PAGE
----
Saturday, April 29, 2017

truchet en plus

Since the previous post, I have been playing around with more variations on Truchet tiles (using this page). The variety of appealing patterns that you can create from these simple tiles is impressive.

the humble Truchet tile

For example, using this simple base tile you can create a path-like effect, even to the extent that paths can seem to weave under and over each other. The patterns below use this effect to create patterns that are suggestive of links and knots.

Truchet patters for two links (left)
and a trefoil knot (right)

Slight variations in the base tile can produce interesting effects. Here's an example that uses the traditional Truchet base tile.


Bulging the dark right triangle into a quarter circle allows us create something that looks quite different, even though it consists of exactly the same tile placements. Squares are replaced by circles, V-patterns replaced by tulips, and we end up with organic and densely packed patterns.


A common variation on the Truchet tile is the Smith tile, which consists of two quarter circles at opposite corners. Unlike the traditional Truchet, the Smith base tile has 180 degree symmetry, but because it lacks 90 degree symmetry, it can still be used to produce interesting and appealing patterns. We end up with circles and blobby regions that create paths and zones across the grid.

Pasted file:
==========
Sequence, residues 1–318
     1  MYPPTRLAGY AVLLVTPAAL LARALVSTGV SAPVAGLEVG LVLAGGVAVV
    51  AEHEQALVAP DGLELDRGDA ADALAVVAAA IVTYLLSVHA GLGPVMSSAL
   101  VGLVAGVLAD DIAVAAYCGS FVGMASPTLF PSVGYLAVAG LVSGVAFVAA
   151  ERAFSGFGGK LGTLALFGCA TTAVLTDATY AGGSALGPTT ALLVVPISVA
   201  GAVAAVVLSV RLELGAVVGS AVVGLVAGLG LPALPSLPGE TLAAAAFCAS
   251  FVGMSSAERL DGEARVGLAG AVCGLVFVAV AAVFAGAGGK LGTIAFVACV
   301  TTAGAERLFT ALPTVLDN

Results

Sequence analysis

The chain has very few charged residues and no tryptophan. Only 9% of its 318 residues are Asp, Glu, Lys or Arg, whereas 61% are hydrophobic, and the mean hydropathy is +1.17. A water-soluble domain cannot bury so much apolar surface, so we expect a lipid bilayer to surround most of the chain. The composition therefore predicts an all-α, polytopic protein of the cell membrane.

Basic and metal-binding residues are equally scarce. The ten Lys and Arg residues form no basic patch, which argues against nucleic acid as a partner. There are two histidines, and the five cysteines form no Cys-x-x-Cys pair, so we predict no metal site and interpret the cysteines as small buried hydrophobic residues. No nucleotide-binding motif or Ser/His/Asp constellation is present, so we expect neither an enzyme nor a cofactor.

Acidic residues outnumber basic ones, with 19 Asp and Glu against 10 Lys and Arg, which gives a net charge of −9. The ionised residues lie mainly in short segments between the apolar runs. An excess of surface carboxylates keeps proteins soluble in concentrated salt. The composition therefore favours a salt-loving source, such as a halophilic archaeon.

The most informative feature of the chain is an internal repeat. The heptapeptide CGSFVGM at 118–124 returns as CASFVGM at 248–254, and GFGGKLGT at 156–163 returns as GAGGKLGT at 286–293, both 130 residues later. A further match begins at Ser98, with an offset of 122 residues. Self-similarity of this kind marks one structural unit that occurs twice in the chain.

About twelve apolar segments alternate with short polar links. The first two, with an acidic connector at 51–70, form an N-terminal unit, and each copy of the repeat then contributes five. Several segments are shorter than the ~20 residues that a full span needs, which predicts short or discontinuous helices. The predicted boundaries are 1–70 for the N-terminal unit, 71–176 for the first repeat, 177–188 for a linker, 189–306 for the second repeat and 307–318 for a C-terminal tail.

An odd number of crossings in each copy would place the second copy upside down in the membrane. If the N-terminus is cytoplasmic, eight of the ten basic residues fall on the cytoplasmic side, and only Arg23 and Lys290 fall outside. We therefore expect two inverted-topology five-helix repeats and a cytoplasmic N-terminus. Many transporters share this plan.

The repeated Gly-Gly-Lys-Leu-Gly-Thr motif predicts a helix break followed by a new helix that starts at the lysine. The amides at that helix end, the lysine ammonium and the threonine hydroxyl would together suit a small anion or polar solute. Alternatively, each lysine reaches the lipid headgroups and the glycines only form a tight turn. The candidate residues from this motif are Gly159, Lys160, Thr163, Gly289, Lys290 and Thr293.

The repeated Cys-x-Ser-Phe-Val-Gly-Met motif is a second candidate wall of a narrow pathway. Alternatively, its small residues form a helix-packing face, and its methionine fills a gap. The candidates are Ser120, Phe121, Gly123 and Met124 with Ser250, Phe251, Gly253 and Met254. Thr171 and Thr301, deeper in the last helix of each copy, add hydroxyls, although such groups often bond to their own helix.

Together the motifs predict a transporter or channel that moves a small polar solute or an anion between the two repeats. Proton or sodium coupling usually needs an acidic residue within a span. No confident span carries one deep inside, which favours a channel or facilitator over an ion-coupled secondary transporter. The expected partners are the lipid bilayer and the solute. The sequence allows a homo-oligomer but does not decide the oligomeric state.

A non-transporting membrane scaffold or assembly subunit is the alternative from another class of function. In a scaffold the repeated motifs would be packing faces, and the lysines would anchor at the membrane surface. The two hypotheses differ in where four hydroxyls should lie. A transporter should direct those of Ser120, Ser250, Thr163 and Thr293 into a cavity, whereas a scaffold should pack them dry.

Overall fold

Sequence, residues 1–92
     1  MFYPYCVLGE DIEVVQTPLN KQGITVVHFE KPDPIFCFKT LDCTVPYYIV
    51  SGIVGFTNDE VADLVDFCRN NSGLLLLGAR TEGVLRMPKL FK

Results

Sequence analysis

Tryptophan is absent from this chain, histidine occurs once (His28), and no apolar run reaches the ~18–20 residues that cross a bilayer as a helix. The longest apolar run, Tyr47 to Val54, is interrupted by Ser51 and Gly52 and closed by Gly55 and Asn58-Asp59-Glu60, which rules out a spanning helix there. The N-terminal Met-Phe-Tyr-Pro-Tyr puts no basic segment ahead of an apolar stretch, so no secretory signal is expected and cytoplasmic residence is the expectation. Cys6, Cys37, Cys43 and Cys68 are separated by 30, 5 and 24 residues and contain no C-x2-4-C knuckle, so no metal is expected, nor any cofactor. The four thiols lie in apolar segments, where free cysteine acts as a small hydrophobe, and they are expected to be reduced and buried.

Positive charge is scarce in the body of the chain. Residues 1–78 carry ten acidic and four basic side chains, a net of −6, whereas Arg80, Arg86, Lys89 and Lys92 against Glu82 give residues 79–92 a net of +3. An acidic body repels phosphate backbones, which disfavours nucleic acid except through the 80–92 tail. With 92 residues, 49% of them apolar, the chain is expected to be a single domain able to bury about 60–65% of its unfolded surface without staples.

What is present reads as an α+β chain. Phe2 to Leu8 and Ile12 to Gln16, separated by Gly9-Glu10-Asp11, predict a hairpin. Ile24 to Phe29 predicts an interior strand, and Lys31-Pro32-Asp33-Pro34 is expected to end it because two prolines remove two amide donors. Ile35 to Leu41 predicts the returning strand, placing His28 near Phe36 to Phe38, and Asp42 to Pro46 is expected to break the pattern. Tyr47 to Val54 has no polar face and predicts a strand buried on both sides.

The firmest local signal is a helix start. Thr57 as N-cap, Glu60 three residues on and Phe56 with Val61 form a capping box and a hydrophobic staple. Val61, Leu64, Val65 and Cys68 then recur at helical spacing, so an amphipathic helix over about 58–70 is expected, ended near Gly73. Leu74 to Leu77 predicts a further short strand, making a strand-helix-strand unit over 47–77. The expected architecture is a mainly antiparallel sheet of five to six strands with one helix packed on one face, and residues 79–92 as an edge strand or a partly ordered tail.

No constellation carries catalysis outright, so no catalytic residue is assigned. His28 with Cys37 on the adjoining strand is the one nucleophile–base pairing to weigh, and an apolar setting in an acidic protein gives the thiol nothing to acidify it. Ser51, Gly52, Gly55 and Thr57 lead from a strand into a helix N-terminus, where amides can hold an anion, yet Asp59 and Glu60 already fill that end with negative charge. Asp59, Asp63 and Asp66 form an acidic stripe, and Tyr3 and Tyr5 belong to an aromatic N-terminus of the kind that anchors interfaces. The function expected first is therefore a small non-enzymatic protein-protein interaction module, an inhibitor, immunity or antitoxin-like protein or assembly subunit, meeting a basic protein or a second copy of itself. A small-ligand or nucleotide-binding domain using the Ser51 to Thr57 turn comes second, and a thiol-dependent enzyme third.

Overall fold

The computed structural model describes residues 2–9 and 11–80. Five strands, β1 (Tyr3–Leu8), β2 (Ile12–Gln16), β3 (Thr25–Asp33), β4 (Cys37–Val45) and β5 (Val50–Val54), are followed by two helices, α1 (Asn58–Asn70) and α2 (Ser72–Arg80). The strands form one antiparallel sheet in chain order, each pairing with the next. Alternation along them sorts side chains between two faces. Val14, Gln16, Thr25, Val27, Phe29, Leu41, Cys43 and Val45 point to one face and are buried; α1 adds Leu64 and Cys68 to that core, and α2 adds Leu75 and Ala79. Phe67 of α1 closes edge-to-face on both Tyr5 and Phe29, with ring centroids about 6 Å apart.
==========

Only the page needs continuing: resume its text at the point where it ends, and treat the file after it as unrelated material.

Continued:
A small change to the Smith tile allows us to eliminate the 180 degree symmetry and regain the expressiveness of the traditional tile patterns. For example replacing one of the quarter circles with a square means that some circles in our original pattern become squares, some remain circles, and some take on a lemon-shape, while the overall pattern retains the same topology as in the Smith version.


Another small change (using a diagonal line in place of the square) produces patterns that look quite different at fist: our paths now resemble strange jigsaw shapes. A closer look shows how the essential features are retained.


Even with all the possible variations, the original tile retains its charm. Can you see the four trefoils in the pattern below?


Sunday, March 26, 2017

truchet tiles

A short while back, I posted about the images found in books about Froebelian kindergarten exercises, like The Paradise of Childhood (on Google Books here). These old books provide great examples of patterns and designs that can be easily drawn by hand with graph paper, in many cases only using arrangements of congruent 45-90 triangles.


Nineteenth Century Froebelian Doodles

A surprising variety of patterns can be formed by restricting things even further, considering the case where each square is cut in half along a diagonal with half of the square coloured black, the other coloured white.

Some arrangements of four Truchet Tiles

Arrangements of these tiles were studied extensively by Sebastien Truchet, whose book on the subject (Method for creating an infinite number of different designs with squares halved into two colours along a diagonal) can be found online here.